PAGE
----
#public-key #azure #validation #token #jwt #async


A simple JWT validator for Microsoft Azure tokens that is async capable

3 releases

0.3.2 Dec 21, 2023
0.3.1 Dec 21, 2023
0.3.0 Dec 21, 2023

#279 in Authentication

MIT license

368 lines

A library that authenticates Azure JWT tokens asynchronously. An updated fork of azure-jwt

Crates.io Chrono on docs.rs

This library will fetch public keys from Microsoft and use those keys to validate the authenticity of a token you provide. It defaults to validating and mapping Azure Id tokens for you out of the box.

Azures public keys are fetched by sending request for them through the open-connect api. The default is to expire the stored keys after 24 hours and fetch new ones since that correspond with the normal key rotation scheme. There is also a default retry fallback where a kid that doesn't match any of our current public keys wil trigger one refresh of the keys (limited to once an hour), just in case the set default is badly synced with the rotation of the public keys or Microsoft decides to rotate the keys immediately for some reason. Both of these settings can be configured.


let client_id = "my client id from Azure";
let mut az_auth = AzureAuth::new(client_id).await.unwrap();

let decoded = az_auth.validate_token(TEST_TOKEN).await?;


When you create a new AzureAuth instance in its default configuration it will trigger two calls to Microsoft endpoints (one to get the open connect metadata to get the current jwks_uri and one to fetch the jwk sets). You should create these objects with care and prefer using a reference to one instance. If you're using it on a webserver you should avoid creating a new instance on every connection and rather instantiate one on server start and use a mutex or channels to do validation. Once the keys are loaded the operations should be very fast.


This library validates six things:

  1. That the token is issued by Azure and is not tampered with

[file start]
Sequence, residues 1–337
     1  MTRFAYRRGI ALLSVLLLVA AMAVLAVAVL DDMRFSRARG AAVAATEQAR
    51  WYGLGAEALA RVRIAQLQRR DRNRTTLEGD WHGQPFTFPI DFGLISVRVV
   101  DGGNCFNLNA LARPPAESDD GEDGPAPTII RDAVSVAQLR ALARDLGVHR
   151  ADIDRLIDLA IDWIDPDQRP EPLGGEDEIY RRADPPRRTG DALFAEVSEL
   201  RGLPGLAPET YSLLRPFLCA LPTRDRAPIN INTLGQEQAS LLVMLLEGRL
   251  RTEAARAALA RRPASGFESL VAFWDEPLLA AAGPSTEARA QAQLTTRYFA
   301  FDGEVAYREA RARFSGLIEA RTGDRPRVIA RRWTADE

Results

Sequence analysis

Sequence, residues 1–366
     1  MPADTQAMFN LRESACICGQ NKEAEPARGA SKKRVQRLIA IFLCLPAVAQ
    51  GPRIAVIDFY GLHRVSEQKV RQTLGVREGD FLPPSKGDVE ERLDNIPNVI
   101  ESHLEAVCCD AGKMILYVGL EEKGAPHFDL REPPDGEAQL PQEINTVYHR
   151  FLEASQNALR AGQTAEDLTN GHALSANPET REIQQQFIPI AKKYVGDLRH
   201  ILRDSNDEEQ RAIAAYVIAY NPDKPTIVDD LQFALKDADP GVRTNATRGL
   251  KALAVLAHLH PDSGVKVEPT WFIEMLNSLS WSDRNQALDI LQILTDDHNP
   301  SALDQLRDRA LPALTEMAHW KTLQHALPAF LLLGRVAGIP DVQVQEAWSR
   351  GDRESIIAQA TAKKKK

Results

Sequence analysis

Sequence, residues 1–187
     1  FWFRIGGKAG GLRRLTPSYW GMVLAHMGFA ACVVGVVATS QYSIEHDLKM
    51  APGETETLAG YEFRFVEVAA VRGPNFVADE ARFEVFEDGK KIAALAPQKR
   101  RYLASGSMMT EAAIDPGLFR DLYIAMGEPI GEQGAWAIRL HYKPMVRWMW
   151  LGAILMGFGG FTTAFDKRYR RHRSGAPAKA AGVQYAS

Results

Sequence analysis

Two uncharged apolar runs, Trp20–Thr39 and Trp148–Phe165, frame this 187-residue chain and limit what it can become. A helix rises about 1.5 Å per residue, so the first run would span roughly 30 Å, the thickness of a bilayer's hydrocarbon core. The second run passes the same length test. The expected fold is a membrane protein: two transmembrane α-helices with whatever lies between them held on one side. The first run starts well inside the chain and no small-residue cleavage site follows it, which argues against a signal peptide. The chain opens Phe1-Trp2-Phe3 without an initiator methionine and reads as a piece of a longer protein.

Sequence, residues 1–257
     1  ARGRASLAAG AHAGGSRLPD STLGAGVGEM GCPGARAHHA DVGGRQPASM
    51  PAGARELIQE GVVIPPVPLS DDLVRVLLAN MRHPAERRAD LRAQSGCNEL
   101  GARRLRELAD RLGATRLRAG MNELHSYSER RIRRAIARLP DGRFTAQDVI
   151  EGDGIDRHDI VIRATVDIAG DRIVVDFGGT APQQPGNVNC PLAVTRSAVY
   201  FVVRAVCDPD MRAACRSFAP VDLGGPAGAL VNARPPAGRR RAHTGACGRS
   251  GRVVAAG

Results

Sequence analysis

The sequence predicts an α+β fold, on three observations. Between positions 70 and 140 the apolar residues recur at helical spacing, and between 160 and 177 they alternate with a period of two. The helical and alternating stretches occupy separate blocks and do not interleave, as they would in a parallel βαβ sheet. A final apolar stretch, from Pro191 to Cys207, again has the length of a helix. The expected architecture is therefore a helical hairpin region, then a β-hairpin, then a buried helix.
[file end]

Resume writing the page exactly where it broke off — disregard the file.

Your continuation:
2. That this token is issued for use in your application
  3. That the token is not expired
  4. That the token is not used before it's valid
  5. That the token is not issued in the future
  6. That the algorithm the token header specifies the right algorithm*

The validation will Error on a failed validation providing more granularity for library users to find out why the token was rejected.

You'll need:

You will need a private client_id created by Azure for your application to be able to verify that the token is created for your application (and not anyone with a valid Azure token can log in). This is the ID this library needs from you to authenticate that the token vas issued for your application.

You get a verified token parsed for you in return.

You still must take care of:

  1. Validating that the user has the right access to your system
  2. Validating any other information that is important for your use case
  3. If you ask for more information about the user than what is defined in Microsoft ID tokens reference you will need to make a Struct that maps to all the fields in the token and use the custom_validation method.

For more information, see this article: https://docs.microsoft.com/en-us/azure/active-directory/develop/id-tokens


~550K SLoC